Review: The Pyramid
PLOT: When an archeologist team find themselves delving into a mysterious underground pyramid, they make a harrowing discovery. It seems some of the ancient beliefs written on the walls may be true, and they are about to witness them firsthand. Will they survive? Some secrets – and this movie - should stay buried.
REVIEW: There is another “found footage” offering looming in theatres this weekend, one that was not screened for critics. Once again, a camera crew goes down into a dark and creepy environment, only to find horror beyond their darkest nightmares. Unfortunately for the audience, the on-screen scares lead only to jarringly loud noises, atrocious dialogue and some really dumb characters. There is nothing original, inventive, or even interesting in THE PYRAMID. It follows the same path as every other film of its ilk, and it even betrays the entire found footage angle drifting away from first person narrative for much of the film. Why even bother? If you aren’t going to fully utilize this idea, there is very little reason for the morons to carry a camera around at all.
The story follows father-daughter archeologist team Nora and Holden (Ashley Hinshaw and “American Horror Story” regular Denis O’Hare). After the discovery of a three-sided pyramid underneath the Egyptian sands, their team working hard to uncover its mysteries. Along for the ride is reporter Sunni (Christa Nicola) and her cameraman Fitzie (“The Inbetweeners” James Buckley), a documentary film crew – shocking - who have been hired to film everything - even more shocking! After unrelated violence has spread throughout the country, the team is ordered to pack up and leave. So are they going to take off right away or will they enter the pyramid only to be terrorized by a mysterious and brutal creature? I bet you can figure that one out.
One of the many problems with THE PYRAMID is the characters. Neither Nora nor Holden feel like they should be related to each other, nor do they actually act like archeologists. When they finally enter the pyramid, they do a half-assed job at every single thing they are supposedly trained to do. Although they explain a bunch of stuff that you know will have something to do with the creature when it finally appears. Too bad it’s all rubbish. As for Sunni, the reporter hoping to get her ‘Emmy,’ she may very well be the most obnoxious character I’ve seen all year. And even though Fitzie keeps holding onto that camera, he was probably the most likable one of the bunch. At least he kept saying how bad of an idea everything was.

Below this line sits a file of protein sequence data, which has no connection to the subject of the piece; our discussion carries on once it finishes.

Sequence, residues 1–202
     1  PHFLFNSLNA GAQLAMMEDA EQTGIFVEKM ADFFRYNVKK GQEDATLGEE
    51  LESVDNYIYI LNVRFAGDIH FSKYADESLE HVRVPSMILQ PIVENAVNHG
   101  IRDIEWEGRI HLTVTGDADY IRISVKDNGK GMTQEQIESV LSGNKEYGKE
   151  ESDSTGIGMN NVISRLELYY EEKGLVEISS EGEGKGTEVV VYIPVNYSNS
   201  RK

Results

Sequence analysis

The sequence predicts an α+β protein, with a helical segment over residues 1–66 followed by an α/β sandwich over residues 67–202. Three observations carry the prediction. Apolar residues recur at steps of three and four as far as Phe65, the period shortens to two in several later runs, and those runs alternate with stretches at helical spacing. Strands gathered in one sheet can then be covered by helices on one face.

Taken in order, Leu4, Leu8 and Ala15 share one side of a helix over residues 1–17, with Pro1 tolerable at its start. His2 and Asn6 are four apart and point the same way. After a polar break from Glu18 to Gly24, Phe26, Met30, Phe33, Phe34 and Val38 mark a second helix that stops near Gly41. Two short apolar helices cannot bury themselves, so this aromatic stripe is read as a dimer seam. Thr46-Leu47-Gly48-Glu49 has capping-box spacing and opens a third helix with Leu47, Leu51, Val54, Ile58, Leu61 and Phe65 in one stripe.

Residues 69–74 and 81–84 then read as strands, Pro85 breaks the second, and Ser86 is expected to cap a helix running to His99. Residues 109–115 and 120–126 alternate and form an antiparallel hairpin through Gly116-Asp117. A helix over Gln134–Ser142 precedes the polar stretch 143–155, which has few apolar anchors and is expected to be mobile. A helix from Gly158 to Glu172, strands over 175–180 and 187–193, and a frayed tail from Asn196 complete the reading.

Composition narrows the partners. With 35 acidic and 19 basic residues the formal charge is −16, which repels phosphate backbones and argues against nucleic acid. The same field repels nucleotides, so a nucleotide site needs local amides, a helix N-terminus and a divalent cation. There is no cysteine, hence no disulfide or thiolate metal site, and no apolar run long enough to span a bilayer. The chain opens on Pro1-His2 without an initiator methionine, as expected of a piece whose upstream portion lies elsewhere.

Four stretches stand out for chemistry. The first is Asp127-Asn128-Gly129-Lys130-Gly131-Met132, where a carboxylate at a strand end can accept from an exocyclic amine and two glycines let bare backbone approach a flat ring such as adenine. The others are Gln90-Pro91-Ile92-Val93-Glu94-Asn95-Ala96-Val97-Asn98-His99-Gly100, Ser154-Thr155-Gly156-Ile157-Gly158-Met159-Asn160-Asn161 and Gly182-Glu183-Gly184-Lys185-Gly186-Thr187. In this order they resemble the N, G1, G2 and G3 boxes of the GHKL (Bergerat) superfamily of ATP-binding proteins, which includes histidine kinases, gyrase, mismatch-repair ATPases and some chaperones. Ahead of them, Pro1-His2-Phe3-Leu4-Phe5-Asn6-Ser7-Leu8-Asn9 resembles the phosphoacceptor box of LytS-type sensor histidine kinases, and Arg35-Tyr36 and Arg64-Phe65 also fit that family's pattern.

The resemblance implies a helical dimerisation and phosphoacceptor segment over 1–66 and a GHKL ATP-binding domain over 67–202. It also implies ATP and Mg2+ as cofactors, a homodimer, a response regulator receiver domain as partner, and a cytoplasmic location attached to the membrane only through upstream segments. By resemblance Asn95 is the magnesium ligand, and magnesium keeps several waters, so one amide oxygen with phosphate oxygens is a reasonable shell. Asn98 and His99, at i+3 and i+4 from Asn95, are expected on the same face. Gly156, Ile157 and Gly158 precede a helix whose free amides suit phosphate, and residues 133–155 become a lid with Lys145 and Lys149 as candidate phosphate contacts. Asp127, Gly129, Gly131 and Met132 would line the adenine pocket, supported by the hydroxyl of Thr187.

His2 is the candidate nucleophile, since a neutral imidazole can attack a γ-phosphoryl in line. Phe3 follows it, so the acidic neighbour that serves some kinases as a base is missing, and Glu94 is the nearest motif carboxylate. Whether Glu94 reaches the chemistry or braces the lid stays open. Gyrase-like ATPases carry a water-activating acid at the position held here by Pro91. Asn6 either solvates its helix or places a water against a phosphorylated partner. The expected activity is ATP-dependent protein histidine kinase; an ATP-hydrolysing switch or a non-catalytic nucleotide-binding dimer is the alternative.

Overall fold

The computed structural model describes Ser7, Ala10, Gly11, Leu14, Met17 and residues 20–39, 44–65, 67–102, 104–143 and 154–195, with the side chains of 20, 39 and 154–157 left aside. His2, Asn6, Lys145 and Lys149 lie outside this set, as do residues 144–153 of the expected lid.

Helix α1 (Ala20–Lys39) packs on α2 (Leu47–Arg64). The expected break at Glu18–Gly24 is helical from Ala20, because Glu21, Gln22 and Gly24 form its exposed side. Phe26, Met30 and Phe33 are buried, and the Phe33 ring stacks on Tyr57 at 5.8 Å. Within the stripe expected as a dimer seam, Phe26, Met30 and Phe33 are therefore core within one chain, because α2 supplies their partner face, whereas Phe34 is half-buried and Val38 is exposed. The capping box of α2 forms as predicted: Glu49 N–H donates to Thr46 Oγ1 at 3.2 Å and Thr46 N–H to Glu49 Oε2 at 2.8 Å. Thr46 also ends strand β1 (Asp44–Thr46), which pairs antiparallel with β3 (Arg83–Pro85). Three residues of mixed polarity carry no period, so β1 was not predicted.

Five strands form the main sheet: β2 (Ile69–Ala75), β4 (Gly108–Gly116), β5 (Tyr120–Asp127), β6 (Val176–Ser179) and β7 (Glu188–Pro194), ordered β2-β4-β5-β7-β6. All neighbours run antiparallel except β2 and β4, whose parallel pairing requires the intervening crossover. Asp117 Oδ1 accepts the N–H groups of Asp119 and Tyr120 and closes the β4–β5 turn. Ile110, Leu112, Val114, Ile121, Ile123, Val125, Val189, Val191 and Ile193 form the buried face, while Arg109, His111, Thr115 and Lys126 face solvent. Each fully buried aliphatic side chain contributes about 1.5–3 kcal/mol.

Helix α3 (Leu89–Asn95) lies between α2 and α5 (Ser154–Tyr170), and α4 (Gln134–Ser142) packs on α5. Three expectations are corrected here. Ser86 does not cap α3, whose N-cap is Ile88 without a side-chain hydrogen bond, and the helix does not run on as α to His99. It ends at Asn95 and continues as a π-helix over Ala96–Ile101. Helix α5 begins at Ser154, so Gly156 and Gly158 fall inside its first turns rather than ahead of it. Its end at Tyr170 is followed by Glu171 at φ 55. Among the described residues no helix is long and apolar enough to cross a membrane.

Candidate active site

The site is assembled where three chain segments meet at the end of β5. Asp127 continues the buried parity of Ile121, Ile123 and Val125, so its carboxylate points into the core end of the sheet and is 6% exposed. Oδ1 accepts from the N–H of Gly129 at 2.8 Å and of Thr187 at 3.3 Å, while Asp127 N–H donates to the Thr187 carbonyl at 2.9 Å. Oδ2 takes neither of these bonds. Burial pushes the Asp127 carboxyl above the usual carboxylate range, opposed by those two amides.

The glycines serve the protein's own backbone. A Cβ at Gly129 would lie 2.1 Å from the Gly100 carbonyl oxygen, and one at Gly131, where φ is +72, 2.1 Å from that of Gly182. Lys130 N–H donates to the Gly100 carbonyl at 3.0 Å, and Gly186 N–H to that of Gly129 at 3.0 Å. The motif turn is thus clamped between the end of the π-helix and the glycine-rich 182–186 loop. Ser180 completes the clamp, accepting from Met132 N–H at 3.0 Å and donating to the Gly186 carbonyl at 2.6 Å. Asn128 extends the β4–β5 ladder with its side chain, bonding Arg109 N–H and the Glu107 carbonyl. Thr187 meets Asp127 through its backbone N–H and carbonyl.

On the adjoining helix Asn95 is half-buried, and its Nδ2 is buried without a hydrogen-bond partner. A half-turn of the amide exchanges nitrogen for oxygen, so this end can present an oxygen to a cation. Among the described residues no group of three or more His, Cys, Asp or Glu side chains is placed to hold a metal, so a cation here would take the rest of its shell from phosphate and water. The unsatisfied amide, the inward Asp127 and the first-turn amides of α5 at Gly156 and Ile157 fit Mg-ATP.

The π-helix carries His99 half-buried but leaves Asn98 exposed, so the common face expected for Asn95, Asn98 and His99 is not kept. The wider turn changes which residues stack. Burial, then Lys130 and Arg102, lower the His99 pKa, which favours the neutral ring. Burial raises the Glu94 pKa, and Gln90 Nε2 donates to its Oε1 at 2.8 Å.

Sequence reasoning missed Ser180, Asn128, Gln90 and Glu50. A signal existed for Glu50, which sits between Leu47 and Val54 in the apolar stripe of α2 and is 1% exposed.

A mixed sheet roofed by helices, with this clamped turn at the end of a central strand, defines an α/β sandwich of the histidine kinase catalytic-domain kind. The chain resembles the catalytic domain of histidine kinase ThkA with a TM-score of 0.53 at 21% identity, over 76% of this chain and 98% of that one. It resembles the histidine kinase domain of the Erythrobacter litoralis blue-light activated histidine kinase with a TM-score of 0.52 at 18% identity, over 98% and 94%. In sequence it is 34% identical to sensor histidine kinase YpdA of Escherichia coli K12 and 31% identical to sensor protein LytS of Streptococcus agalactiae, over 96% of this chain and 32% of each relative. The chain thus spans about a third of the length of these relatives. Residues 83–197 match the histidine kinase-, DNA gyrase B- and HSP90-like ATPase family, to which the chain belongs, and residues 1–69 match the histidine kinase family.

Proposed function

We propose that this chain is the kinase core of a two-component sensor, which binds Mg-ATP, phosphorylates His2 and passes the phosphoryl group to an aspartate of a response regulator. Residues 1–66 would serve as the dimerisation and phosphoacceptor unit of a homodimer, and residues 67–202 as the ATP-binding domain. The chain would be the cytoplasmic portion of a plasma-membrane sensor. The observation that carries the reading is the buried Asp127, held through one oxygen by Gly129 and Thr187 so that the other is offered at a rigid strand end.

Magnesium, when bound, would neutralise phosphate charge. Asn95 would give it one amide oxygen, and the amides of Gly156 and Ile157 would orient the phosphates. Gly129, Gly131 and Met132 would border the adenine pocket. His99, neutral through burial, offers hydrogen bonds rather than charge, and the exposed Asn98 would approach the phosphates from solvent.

As far as the performances go, you can’t blame the actors too much. They do what they can with the many idiotic choices their characters make, as well as the abysmal dialogue they spout out. Unfortunately though, Ms. Nicola is painfully bad. While it would be difficult to rise above the material, she brings it down every time she is onscreen. The script by Daniel Meersand and Nick Simon is filled with a number of obvious horror troupes and it tries too hard to give a bland history lesson in the process. As far as the shocks and scares go, your average horror fan will see the hits coming well before the people on-screen do.
In his directorial debut, Grégory Levasseur (Alexandre Aja’s writing partner) has created a very generic found-footage flick with very little substance. It may not necessarily be the worst horror film this year – the creature isn’t all that bad - but as a whole it is painfully dull. Once they do get inside the pyramid, there is very little suspense with only a couple of jump scares. As well, it is a very poorly lit film that seems intent on rehashing scenes that have worked much better in other films. THE PYRAMID is dumb and dull, another big-screen release that fails to generate any sort of fright. As one member of the audience said, even before the final “shock” ending, “ I want my money back!” and you will too.